Last week, the U.S. District Court sentenced a Fort Worth, TX man to 80 years in federal prison in a child exploitation case. Tyrone Alexander Taylor, 42, pled guilty in October to two counts of sexual exploitation of a child and possession of pictures of a minor engaged in sexual conduct. U.S. District Judge Reed O’Connor sentenced Taylor on May 4, ending a case that began in August 2019.
The FBI launched an investigation after a computer repair shop discovered child pornography on Taylor’s hard drive, according to court documents. After the business reported the contents to law enforcement, agents took custody of the hard drive and conducted a forensic analysis.
Taylor admitted he owned the hard drive and that it contained child pornography videos and pictures. Further investigation found Taylor and his codefendant Shannon Nichols — who was sentenced in February to 50 years in federal prison — captured child pornography pictures and videos, which Taylor stored on his computer hard drive.
Taylor’s wife, 39-year-old Joydeth Robinson, is set to be sentenced on May 21. FBI agents recovered a photo of her posing with two underaged girls, the criminal complaint said.
Taylor and Robinson moved to Fort Worth from Costa Rica about a year ago. The two brought the photos and videos on the hard drive with them when they moved.
This case was brought as part of Project Safe Childhood, a Justice Department initiative aimed at tackling child sexual exploitation and abuse nationwide. The measure synchronizes local, state, and federal efforts to prosecute child exploitation offenders and rescue victims.
What Factors Go into a Child Pornography Sentence?
Unlike other crimes that have defined and standardized sentencing, child pornography cases can be complicated.
For federal cases, potential child pornography charges encompass the receipt, distribution, possession, and production of pornographic content involving a minor, as well as enticing a minor. Receipt of child pornography refers to shipment, transport, sale or movement of material over interstate lines and often overlaps with possession offenses.
Each federal offense begins at a Base Offense Level and considers aggravating factors which can result in a more serious charge. Typically the base offense level for child pornography possession or receipt is either 18 or 22, with most cases usually being charged at the 22 level. These numbers represent the minimum punishment for each offense. A Base Offense Level 18 recommends a 27-33 month sentence and 22 recommends a sentence of 41-51 months.
From there, prosecutors will consider the case’s enhancement factors, which add to the initial sentencing guidelines for new recommendations. Base Offense Levels may rise based on enhancements like the presence of children aged 12 or younger, the number of images and videos, the content’s tone, and use of a computer. Other factors like enticing a child to travel across state lines for pornography purposes or an offender’s monetary profit may also enhance recommended sentence guidelines.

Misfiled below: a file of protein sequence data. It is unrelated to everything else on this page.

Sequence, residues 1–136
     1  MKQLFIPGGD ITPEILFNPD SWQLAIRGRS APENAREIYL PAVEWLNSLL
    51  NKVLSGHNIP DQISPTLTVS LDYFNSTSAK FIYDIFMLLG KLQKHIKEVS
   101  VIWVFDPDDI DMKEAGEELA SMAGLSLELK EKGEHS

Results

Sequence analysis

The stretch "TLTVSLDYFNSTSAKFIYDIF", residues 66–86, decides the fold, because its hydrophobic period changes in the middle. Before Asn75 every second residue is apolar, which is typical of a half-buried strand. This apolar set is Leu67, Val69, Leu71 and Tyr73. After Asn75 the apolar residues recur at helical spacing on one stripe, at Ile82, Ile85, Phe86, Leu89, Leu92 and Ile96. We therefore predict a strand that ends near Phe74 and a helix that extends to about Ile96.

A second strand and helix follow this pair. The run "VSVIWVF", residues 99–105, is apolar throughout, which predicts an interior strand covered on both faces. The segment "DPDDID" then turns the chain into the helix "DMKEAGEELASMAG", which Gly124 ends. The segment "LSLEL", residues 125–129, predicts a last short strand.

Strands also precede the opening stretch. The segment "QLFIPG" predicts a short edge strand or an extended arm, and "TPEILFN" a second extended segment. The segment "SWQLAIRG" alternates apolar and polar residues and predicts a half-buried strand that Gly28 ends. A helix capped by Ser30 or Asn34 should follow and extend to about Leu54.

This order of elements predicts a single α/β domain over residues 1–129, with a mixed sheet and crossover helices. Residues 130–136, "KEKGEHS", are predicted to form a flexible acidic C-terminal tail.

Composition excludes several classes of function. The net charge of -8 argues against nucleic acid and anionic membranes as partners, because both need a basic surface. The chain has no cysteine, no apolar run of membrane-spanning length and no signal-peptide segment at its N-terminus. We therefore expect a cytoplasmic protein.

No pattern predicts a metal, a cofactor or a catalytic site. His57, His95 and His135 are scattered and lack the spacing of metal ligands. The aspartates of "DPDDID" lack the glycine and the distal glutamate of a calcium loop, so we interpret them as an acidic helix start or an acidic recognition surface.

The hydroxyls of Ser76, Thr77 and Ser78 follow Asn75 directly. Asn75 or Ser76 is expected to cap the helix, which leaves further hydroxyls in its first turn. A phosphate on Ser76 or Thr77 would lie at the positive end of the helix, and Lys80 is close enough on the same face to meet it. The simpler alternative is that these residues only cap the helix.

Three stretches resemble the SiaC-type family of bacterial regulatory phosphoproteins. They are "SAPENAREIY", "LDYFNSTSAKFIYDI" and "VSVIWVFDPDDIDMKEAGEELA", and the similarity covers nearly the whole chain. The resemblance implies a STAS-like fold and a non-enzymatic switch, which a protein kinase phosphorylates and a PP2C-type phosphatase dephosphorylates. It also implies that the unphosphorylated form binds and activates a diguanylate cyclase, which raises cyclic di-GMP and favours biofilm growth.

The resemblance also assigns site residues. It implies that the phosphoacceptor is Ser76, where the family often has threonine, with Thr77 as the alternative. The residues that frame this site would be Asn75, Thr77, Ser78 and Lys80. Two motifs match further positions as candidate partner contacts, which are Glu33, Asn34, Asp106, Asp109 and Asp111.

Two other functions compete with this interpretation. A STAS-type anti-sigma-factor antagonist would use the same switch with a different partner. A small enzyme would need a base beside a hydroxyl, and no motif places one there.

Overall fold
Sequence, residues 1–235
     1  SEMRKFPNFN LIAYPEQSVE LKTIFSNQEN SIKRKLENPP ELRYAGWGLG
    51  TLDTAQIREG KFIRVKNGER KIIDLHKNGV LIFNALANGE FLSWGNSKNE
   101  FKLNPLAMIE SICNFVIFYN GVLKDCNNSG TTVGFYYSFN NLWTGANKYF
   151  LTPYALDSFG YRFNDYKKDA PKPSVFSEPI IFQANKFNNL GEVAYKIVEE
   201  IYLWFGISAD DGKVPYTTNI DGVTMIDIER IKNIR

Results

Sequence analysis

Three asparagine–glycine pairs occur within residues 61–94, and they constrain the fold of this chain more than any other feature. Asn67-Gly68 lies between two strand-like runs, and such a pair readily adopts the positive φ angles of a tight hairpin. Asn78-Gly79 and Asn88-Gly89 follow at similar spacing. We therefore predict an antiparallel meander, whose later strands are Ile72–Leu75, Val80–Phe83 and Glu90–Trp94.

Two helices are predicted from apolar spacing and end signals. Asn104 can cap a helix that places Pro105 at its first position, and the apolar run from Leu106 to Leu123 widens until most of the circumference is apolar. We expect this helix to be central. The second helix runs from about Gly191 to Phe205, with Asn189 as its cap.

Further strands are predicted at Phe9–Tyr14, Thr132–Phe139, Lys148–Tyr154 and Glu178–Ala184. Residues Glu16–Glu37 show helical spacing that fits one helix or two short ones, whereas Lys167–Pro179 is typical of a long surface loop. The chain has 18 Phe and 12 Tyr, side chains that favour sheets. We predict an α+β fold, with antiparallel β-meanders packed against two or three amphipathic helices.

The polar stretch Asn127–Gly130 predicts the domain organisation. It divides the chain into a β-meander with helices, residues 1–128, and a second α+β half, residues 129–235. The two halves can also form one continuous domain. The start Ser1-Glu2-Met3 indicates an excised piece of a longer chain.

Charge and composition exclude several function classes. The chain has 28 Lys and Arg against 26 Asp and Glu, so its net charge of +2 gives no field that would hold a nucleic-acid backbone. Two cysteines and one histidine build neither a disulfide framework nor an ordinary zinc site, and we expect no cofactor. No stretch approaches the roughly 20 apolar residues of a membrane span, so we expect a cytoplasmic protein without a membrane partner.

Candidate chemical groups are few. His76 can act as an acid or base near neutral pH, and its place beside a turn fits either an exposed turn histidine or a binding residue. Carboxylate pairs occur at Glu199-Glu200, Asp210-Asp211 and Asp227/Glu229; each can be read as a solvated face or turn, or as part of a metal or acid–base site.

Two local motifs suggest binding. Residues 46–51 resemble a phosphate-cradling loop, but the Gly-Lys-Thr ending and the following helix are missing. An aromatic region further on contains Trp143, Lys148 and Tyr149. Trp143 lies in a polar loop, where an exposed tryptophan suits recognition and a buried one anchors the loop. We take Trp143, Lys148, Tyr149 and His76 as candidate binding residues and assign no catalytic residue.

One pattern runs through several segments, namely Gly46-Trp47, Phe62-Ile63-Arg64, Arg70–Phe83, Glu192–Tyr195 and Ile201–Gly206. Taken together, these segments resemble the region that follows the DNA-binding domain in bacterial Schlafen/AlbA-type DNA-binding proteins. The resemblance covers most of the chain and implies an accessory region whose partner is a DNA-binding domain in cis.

Child Pornography Enforcement Is Up
Increased Base Offense Level sanctions, combined with more enforcement measures, have targeted child pornography rings in the digital sphere. As the internet makes it easier than ever to distribute and possess child pornography, law enforcement must become increasingly creative to tackle the issue.
“Nationwide, authorities have increased their efforts to prosecute the possession, receipt and distribution of child pornography,” says Attorney Benson Varghese, a criminal defense attorney at Varghese Summersett PLLC who is not affiliated with the case but has defended numerous similar federal accusations. “In 2002, there were roughly 450 child pornography prosecutions in the U.S. During a 2019 two-month Department of Justice initiative alone, there were approximately 1,700 child pornography arrests. Over time the punishment for these offenses have also increased.”
Each year, more and more local law enforcement agencies set up sting operations to arrest child pornography owners and distributors. Efforts include agents posing as minors online and investigating websites where such problems persist, leading to continual arrests.
Moving forward, operations like Project Safe Childhood affirm law enforcement’s commitment to identify and control digital hotbeds for child pornography distribution. Some efforts infiltrate dark web child pornography group chats and monitor content on public social media networks. As a result, many social media sites and video sharing networks have updated their terms of service to prevent possible child exploitation.
While these initiatives do not catch all child pornography violators, they do pose a strong deterrent and punishment for those who continue to offend. As a result, law enforcement hopes they can continue their crackdowns on child pornography creation and distribution as well as provide assistance for the victims.